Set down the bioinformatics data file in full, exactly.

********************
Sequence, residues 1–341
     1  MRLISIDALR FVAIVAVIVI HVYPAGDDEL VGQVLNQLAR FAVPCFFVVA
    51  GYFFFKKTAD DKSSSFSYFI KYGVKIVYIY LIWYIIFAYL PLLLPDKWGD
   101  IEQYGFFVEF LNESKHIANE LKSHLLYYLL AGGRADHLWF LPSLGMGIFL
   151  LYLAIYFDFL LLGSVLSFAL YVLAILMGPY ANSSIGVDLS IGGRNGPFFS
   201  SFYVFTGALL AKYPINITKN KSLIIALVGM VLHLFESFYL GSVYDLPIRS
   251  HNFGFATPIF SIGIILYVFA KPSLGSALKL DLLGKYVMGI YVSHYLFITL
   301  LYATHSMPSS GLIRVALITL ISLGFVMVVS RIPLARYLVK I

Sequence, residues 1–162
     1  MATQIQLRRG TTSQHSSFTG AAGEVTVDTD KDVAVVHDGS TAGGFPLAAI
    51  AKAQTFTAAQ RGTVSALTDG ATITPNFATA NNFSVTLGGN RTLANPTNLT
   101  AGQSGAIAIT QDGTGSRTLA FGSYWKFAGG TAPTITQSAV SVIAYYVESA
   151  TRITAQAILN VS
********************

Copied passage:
Sequence, residues 1–341
     1  MRLISIDALR FVAIVAVIVI HVYPAGDDEL VGQVLNQLAR FAVPCFFVVA
    51  GYFFFKKTAD DKSSSFSYFI KYGVKIVYIY LIWYIIFAYL PLLLPDKWGD
   101  IEQYGFFVEF LNESKHIANE LKSHLLYYLL AGGRADHLWF LPSLGMGIFL
   151  LYLAIYFDFL LLGSVLSFAL YVLAILMGPY ANSSIGVDLS IGGRNGPFFS
   201  SFYVFTGALL AKYPINITKN KSLIIALVGM VLHLFESFYL GSVYDLPIRS
   251  HNFGFATPIF SIGIILYVFA KPSLGSALKL DLLGKYVMGI YVSHYLFITL
   301  LYATHSMPSS GLIRVALITL ISLGFVMVVS RIPLARYLVK I

Sequence, residues 1–162
     1  MATQIQLRRG TTSQHSSFTG AAGEVTVDTD KDVAVVHDGS TAGGFPLAAI
    51  AKAQTFTAAQ RGTVSALTDG ATITPNFATA NNFSVTLGGN RTLANPTNLT
   101  AGQSGAIAIT QDGTGSRTLA FGSYWKFAGG TAPTITQSAV SVIAYYVESA
   151  TRITAQAILN VS